Scientists discover a new virus that replicates strangely- Enterovirus GBy Toby Tunwase
A unique feature of many viruses is that they possess specific proteins that allow them to replicate in either a live host cell or an available culture medium. Many novel viruses (viruses formed from the exchanged genetic material of either two or more viruses) have been found in several animal farms. But the discovery of the new Enterovirus G has left scientists dazed as a result of its lack of the required protein needed for its replication.
The nature of type 2 Enterovirus G
The mysterious virus is made of a single strand of genetic material. It is formed from the combination of the genetic material of an Enterovirus G and another type referred to as Torovirus. The unique feature of the enterovirus G is that: unlike other viruses that have a structural protein that enables them to attach to and penetrate a host cell to replicate.
What makes this virus unusual?
The newly discovered enterovirus lacks the necessary genes needed for coding for a structural protein. As a result, they are expected not to be able to attach, penetrate, and replicate in a host cell. In other words, they are supposed to lack the ability to infect a host cell. The enterovirus does, however, have genes present, but the genes are unknown to scientists.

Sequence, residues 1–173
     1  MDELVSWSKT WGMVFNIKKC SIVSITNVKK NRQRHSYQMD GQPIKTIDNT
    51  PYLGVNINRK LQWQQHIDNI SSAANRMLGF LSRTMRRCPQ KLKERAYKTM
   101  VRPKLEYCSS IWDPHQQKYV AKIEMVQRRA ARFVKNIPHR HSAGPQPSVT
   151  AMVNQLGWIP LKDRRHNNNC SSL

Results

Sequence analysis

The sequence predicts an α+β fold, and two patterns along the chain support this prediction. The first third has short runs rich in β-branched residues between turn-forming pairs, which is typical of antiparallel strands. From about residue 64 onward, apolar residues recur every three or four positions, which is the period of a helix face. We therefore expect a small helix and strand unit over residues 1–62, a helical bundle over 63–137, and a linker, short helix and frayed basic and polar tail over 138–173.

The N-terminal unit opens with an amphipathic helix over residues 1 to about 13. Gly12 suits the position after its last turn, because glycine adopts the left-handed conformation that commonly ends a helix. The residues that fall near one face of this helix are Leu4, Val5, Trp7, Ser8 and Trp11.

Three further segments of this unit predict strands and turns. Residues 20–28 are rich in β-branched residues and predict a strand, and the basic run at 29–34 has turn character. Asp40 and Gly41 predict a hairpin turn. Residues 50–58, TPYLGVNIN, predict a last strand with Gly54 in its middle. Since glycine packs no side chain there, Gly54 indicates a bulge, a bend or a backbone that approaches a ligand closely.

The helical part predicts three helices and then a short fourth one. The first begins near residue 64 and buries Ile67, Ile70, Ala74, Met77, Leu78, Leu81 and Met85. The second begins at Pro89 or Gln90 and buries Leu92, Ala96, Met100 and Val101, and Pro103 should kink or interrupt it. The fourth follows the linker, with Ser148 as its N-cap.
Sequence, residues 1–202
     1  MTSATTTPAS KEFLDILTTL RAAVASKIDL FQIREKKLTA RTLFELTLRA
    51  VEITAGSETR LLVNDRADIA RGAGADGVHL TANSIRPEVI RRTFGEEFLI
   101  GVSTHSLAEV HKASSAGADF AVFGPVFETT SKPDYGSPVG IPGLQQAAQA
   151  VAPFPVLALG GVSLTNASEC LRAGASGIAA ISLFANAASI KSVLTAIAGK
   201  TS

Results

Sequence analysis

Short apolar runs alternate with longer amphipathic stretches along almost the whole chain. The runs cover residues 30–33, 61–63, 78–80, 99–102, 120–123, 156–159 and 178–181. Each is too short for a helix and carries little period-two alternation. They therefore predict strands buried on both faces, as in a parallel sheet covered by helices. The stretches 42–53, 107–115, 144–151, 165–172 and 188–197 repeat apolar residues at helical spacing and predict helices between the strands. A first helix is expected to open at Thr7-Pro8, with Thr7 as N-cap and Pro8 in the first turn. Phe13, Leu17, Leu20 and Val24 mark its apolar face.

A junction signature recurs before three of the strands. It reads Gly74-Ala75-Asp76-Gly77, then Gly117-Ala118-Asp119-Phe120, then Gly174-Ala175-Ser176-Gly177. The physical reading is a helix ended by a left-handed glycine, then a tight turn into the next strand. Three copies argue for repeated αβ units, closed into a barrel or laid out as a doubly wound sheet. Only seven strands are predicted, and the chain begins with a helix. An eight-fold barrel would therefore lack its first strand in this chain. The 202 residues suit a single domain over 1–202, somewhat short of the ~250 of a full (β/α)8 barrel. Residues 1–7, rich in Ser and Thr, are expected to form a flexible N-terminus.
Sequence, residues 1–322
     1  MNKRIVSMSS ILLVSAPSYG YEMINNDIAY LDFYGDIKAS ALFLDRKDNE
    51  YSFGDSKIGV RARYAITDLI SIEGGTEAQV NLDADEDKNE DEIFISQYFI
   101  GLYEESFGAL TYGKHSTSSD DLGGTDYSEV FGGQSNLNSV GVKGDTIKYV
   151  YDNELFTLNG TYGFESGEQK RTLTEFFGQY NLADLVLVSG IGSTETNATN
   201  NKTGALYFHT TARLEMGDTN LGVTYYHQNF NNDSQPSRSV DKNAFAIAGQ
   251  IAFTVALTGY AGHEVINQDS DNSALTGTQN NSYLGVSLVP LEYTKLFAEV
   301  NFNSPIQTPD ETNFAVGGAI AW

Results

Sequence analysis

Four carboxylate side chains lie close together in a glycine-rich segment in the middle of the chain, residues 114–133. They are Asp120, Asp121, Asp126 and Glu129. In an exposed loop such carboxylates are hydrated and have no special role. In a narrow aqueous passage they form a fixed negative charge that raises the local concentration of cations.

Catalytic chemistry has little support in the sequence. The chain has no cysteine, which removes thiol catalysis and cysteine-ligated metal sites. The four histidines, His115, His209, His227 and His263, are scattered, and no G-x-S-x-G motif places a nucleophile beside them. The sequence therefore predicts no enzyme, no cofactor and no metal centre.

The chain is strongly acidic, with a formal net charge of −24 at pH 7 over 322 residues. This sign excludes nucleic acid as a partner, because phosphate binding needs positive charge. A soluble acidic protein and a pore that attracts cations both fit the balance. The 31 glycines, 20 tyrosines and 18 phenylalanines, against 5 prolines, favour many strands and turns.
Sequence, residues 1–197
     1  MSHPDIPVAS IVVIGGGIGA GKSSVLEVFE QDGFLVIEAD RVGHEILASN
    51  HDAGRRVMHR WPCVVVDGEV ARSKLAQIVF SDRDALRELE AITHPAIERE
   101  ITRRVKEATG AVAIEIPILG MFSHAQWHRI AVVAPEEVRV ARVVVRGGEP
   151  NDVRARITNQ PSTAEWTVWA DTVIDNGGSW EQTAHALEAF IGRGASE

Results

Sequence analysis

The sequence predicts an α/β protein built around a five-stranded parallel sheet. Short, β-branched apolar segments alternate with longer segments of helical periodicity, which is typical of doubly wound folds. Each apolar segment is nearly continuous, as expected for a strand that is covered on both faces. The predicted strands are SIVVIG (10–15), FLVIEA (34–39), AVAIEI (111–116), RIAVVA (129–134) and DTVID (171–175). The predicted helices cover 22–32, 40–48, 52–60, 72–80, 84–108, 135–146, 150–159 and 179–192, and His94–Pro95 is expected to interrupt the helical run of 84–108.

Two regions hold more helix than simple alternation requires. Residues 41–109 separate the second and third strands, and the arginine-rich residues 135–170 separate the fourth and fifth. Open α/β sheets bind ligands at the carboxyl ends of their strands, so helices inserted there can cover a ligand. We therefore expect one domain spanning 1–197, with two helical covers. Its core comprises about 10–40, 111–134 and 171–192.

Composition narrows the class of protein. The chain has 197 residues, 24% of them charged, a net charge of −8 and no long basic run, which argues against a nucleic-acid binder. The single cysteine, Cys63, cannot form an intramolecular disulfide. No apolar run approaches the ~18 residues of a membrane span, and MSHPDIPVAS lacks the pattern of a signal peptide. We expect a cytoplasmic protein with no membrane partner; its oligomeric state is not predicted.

Mode of replication of enterovirus
It is believed that enterovirus G replicates and survives by borrowing structural proteins from close by viruses. These viruses are referred to as “helper viruses.” This system of replication is similar to that used by the hepatitis D virus: the hepatitis D virus requires the presence of the hepatitis B virus to replicate despite it possessing its structural protein.
Scientists hope to discover the function of the unknown genes present in the enterovirus. Also, they hope to determine the helper virus needed for the replication of enterovirus G and as a result, helps it survives.